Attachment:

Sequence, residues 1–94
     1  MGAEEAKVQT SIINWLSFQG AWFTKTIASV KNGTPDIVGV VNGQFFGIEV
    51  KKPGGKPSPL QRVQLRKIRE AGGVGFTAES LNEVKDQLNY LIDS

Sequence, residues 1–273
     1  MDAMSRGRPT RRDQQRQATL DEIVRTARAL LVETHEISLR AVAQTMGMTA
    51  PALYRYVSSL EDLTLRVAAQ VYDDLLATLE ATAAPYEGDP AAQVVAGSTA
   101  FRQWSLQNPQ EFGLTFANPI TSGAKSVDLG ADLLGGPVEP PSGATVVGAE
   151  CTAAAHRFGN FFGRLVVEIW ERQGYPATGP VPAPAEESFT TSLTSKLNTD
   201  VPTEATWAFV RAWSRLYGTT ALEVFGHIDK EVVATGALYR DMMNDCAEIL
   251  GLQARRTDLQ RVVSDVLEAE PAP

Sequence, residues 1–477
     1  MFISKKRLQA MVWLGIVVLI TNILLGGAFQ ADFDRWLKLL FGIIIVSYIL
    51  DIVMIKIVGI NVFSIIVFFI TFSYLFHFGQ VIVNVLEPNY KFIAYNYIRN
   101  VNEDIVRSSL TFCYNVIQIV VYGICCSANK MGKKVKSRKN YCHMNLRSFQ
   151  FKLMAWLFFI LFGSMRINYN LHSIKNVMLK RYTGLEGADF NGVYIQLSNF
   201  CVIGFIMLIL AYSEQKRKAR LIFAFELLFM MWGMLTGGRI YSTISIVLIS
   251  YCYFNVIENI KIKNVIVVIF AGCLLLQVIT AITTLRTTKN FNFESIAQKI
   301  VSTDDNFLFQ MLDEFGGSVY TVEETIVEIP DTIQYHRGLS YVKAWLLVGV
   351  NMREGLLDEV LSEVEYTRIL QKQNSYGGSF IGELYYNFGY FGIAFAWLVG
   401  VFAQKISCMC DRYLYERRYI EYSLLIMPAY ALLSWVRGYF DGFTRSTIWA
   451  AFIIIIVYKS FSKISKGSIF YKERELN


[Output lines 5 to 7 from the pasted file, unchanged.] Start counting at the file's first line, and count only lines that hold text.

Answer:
     1  MDAMSRGRPT RRDQQRQATL DEIVRTARAL LVETHEISLR AVAQTMGMTA
    51  PALYRYVSSL EDLTLRVAAQ VYDDLLATLE ATAAPYEGDP AAQVVAGSTA
   101  FRQWSLQNPQ EFGLTFANPI TSGAKSVDLG ADLLGGPVEP PSGATVVGAE